As you may know, Bitcoin is not the only cryptocurrency out there. Although Bitcoin may be the most popular, there are over 1,500 other cryptocurrencies! Today we’ll shine the spotlight on Ethereum!
So what is Ethereum? It’s a bit complicated but it helps to understand the way the internet works. Companies such as Facebook, Google, or Amazon have clouds that store our personal data, passwords, and financial information. Although that may sometimes be a convenience, it also becomes a vulnerability at some point. A hacker could gain unwelcome access without our knowledge. People have claimed this vulnerability to be the “original sin” of the internet. Technologies such as the blockchain then came along and attempted to decentralize the internet. Ethereum is a new technology that has joined this movement. Instead of having clouds for our information, “nodes” were introduced so that volunteers could run the servers from across the globe, and that’s why it’s sometimes called a “world computer”. The goal of Ethereum is to provide this same service to people everywhere, allowing them to compete to offer services on top of this infrastructure. The idea is that one entity such as companies and their clouds, would no longer have control over your data, making the user in complete control of their information. If Ethereum goes as its intended to, it would return control of the data to the author and the creative rights to its author.
Ethereum basically aims to be a world computer with a potential to change the way we interact with one another (kind of like the way the internet did). Unlike Bitcoin, Ethereum is more than just a currency, it’s also a platform for building decentralized apps or DApps (pronounced D-apps). Dapps are applications that meet a certain criteria:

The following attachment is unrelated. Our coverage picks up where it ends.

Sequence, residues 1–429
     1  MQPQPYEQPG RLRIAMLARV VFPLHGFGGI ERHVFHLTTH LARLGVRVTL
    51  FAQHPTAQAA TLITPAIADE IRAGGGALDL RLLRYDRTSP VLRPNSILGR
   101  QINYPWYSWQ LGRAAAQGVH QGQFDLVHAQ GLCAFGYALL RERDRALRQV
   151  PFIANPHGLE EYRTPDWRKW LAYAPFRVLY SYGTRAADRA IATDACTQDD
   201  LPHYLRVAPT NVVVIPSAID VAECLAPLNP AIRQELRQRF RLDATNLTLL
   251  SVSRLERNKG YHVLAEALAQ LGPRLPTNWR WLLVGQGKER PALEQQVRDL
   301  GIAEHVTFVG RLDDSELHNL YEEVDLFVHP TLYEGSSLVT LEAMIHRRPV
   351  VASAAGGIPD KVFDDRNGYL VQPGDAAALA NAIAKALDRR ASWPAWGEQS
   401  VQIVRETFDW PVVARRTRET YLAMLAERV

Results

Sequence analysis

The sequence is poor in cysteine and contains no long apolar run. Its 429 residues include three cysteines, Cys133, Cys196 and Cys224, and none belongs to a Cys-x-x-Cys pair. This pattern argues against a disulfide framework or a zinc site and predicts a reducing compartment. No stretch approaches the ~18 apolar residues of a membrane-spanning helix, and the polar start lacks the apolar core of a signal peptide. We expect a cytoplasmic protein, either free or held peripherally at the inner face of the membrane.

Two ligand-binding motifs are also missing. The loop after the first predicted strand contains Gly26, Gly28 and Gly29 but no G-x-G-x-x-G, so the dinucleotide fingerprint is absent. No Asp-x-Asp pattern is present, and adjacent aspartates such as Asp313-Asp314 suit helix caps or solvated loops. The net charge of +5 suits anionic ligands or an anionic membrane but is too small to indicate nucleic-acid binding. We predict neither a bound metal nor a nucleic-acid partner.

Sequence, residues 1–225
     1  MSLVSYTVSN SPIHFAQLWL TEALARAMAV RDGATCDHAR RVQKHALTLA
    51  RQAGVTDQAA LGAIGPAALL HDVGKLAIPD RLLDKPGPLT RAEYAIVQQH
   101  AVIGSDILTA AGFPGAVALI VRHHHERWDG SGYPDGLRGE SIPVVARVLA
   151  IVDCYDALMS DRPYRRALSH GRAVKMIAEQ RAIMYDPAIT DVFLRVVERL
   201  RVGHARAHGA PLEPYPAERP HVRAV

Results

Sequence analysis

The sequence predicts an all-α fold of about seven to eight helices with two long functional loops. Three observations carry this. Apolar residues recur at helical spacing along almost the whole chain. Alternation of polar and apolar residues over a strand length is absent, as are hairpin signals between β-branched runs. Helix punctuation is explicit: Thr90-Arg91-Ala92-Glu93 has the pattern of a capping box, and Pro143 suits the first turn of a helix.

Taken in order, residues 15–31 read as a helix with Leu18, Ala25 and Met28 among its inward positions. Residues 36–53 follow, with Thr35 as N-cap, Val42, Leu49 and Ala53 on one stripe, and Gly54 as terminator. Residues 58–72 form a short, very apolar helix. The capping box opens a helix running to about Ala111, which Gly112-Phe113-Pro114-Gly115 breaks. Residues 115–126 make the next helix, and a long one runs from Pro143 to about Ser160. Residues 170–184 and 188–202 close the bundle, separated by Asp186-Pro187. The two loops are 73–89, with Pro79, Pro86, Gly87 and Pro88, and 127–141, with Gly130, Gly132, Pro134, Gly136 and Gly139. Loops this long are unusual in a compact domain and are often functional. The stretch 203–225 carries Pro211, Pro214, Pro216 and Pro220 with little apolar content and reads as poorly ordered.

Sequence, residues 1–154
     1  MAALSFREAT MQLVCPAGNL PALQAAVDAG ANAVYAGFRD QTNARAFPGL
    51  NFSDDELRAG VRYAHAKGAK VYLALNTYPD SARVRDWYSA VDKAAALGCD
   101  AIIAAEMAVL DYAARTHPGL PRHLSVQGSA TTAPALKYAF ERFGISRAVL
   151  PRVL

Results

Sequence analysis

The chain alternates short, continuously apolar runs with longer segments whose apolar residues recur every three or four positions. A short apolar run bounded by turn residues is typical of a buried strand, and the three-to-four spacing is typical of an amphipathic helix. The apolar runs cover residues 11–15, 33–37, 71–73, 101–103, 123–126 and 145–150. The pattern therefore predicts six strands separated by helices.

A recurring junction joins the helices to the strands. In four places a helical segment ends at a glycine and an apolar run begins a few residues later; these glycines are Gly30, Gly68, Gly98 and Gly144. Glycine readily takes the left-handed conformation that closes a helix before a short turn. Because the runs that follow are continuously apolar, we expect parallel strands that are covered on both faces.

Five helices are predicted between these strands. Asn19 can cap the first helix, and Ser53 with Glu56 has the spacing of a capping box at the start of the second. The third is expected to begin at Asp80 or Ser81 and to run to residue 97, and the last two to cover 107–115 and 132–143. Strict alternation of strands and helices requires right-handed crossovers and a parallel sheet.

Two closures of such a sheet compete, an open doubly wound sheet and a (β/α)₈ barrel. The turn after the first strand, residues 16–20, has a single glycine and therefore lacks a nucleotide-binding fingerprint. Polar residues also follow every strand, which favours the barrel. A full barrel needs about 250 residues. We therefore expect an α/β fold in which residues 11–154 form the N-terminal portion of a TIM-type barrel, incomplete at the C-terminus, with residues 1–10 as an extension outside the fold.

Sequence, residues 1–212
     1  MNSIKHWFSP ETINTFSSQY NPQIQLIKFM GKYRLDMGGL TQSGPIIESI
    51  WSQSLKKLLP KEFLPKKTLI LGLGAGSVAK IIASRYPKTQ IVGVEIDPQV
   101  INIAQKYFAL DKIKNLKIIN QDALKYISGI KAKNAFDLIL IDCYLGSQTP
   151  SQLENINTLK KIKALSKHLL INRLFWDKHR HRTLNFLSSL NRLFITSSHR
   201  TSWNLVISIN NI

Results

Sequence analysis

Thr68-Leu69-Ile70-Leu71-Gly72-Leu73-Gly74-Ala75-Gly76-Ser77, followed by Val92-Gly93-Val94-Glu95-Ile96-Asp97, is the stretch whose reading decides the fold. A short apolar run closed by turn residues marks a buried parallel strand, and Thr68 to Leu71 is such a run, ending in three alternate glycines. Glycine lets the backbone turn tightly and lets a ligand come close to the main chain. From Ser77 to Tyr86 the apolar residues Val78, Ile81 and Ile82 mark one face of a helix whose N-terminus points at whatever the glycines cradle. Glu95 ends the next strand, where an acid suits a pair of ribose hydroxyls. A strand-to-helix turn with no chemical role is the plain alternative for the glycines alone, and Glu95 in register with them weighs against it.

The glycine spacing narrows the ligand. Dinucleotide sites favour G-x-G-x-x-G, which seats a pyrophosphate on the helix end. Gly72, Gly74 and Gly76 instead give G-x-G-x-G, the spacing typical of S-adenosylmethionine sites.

1. The source code of the application should be available to all (Open Source)
2. The application uses a blockchain-like cryptographic technology (Decentralized)
3. The application implements a crypto-token or digital asset system as an incentive for fueling itself. (Incentive)
4. The program comes with an algorithm or protocol that generates tokens and has a built in consensus mechanism (Algorithm/Protocol)
If these criteria are not met, then the application is not a DApp. If the applications were to meet the criteria, they would have many benefits in the economic or governance aspects such as:
- Transparent governance for communities
- Secure communications – authentication, messaging
- Secure backbone for e-commerce
- Secure payments
These are only a few of the benefits Ethereum has and they already have a lot of potential for helping not only our economy, but also our society with the way data is managed and how the users and owners have control over their own information.
Ethereum vs. Bitcoin
Now knowing where Ethereum comes from, how is it different from Bitcoin? There are several differences such as the speed of which these cryptocurrencies are created. Bitcoin creates a new block every 10 minutes on average, while Ethereum creates a new block every 15 seconds. Another difference is that bitcoin is said to cap out at 21 million while Ethereum currently has no hard cap. Although there are many other differences in regards to their respective technologies, the biggest one is that they differ in purpose. Bitcoin was created as an alternative to our regular fiat money and Ethereum was developed as a platform which oversees peer-to-peer contracts and applications with its own currency vehicle.
Which side are you on? Team Ethereum or team Bitcoin? Let us know in the comment section down below!